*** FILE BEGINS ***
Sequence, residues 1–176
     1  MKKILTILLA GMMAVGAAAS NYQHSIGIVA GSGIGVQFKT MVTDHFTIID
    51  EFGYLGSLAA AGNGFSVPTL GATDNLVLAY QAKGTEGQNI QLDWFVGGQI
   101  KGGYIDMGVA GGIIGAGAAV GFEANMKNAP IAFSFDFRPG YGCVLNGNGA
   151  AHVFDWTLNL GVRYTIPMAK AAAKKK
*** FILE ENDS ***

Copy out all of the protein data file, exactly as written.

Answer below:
Sequence, residues 1–176
     1  MKKILTILLA GMMAVGAAAS NYQHSIGIVA GSGIGVQFKT MVTDHFTIID
    51  EFGYLGSLAA AGNGFSVPTL GATDNLVLAY QAKGTEGQNI QLDWFVGGQI
   101  KGGYIDMGVA GGIIGAGAAV GFEANMKNAP IAFSFDFRPG YGCVLNGNGA
   151  AHVFDWTLNL GVRYTIPMAK AAAKKK